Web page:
There were various places in Half-Life (and in the Half-Life Uplink demo, from which the picture below was taken) where there are various forms of what appear to be rotating lights. This effect is a combination of a few diffent entities- a func_rotating (the visible light "beams"), a light entity (for the actual light given off), and an env_render (which makes the rotating light beams visible when the effect is triggered).
The first thing to do is... build the light, of course. Below is a closer look at the rotating light objects. In the picture above, the light fixture is a normal world brush (there is a 1 unit wide func_wall between it and the wall to prevent unnecessary brush splitting). The three objects labeled func_rotating all belong to one func_rotating entity.
The func_rotating entity
The setup of this entity is fairly straightforward. Below are the essential properties you'll need to set. Something that should be kept in mind is that an origin brush (the green and white part of the func_rotating in the picture above) needs to be a part of the rotating entity.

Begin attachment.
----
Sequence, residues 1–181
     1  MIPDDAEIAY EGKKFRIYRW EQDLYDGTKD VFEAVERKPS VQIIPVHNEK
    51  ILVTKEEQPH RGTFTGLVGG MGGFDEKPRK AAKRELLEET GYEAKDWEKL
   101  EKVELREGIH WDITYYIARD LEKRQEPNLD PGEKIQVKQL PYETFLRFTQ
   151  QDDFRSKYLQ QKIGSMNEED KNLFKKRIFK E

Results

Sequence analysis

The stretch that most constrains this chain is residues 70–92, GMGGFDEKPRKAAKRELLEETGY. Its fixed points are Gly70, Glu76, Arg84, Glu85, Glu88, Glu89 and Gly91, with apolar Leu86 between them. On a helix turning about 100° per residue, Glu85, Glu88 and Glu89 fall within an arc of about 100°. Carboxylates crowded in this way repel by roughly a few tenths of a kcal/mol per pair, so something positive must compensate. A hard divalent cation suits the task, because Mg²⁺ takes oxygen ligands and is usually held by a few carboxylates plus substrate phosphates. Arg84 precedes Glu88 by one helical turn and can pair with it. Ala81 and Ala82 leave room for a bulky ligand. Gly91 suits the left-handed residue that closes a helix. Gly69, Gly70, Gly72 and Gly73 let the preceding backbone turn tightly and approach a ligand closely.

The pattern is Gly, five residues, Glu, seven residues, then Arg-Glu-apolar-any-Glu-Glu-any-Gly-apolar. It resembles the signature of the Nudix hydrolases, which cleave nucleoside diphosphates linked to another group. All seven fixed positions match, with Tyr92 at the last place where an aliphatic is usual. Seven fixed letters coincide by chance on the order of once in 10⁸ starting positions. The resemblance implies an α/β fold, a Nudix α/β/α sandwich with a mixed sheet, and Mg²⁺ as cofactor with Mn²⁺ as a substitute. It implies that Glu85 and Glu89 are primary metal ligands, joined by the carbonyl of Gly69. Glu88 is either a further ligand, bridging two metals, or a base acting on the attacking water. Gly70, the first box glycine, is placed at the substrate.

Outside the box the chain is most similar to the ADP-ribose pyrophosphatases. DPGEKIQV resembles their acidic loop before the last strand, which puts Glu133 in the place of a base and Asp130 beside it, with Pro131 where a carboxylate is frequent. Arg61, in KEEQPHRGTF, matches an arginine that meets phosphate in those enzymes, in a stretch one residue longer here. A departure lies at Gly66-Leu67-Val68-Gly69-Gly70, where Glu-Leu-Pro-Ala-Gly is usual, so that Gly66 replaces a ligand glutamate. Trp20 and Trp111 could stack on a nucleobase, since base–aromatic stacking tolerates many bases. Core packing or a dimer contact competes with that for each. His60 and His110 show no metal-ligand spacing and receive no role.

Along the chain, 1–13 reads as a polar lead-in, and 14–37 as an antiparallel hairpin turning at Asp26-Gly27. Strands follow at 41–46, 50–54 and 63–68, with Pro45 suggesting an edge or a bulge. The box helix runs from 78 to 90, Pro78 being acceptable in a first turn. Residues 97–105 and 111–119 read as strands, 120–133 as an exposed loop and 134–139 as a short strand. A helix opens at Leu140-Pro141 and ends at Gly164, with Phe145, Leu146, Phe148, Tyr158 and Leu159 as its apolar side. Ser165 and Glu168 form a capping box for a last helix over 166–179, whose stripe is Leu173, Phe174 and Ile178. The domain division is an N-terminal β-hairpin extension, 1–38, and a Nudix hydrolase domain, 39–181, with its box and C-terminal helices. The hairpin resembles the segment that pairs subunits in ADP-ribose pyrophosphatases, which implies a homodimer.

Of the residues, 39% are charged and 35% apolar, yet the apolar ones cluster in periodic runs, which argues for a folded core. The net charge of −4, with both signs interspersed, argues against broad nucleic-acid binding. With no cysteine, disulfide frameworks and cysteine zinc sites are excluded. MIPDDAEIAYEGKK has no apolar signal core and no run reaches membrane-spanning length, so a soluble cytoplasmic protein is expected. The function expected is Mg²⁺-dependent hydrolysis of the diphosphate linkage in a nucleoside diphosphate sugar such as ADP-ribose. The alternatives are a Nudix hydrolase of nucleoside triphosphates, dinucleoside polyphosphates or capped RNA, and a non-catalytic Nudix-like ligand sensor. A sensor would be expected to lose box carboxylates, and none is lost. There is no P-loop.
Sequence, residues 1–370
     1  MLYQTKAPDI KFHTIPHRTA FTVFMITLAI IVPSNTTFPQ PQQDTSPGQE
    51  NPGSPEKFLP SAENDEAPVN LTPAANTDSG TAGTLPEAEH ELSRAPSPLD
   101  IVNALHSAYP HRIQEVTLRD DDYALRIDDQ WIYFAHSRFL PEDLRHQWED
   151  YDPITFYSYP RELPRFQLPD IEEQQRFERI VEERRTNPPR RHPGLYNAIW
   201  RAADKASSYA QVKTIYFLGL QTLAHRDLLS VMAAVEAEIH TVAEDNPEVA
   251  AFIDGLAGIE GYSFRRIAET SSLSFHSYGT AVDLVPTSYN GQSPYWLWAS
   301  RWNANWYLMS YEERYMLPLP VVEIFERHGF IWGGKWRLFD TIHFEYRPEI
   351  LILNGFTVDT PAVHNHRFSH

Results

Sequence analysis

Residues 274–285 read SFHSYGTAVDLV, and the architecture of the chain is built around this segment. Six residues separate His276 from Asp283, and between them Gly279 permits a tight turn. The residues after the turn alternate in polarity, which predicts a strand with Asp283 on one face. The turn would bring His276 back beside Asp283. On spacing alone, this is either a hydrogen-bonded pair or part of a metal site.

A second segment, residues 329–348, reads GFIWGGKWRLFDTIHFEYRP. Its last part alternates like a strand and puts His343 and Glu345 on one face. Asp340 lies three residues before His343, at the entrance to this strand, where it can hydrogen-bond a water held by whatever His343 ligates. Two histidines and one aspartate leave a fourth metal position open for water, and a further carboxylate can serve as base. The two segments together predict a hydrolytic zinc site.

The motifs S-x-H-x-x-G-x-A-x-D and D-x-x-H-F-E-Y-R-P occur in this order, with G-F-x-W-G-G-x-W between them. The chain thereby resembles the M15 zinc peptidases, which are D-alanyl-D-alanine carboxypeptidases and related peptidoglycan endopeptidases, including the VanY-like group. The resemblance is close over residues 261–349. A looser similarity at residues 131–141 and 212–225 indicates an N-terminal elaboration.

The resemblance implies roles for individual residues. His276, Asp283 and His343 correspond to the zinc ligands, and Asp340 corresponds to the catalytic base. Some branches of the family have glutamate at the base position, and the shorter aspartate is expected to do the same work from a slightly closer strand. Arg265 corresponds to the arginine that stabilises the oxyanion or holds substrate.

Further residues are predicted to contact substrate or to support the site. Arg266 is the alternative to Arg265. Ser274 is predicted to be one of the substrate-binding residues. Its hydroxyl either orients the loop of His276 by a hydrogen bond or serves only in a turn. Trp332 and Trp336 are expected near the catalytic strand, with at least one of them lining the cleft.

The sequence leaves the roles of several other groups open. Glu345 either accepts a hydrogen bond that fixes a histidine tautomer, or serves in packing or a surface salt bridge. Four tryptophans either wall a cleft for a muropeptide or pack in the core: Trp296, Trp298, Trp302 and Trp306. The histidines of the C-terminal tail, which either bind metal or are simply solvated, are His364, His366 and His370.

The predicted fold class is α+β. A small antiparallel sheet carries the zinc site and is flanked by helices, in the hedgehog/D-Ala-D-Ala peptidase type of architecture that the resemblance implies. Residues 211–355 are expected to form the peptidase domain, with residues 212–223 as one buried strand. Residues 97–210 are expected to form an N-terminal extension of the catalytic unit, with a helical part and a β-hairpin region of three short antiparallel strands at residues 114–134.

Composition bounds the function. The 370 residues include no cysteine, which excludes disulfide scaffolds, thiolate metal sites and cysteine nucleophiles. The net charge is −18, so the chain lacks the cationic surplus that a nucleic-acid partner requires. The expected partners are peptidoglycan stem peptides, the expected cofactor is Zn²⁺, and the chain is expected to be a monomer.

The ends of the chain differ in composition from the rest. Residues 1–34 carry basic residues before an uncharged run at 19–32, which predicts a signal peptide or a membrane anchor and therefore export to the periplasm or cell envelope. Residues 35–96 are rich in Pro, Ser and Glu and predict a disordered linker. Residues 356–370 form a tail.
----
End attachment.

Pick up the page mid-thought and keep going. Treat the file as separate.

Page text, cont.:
- Name (targetname) - give this a value of light1_rot (for this example). Triggering this name will cause the func_rotating to toggle between on and off.
- Render Mode (rendermode) - Set this to Texture (2).
- FX Amount (renderamt) - Set this to 0. This, combined with the above Render Mode setting will make the func_rotating start out invisible.
- Rotation Speed (speed) - Set this to a high number, like 250 or 300.
- (Flags properties) X Axis or Y Axis (4 or 8) - Setting one of these flags determines what axis the rotating object will spin around. The easiest way to determine which flag you need to set is find the rotating object in the 2D views, and click in the 2D view that the rotating object would theoretically be rotating in. In the Worldcraft toolbar, one of the 2D View buttons will become selected - XY, YZ, or XZ. The flag that you need to set is the axis that is missing from the selected view. For example, if the selected view is the XZ view, you should set the Y Axis flag. If the selected 2D view is the XY view, then you don't need to enable either flag as the entity defaults to rotating on the Z Axis.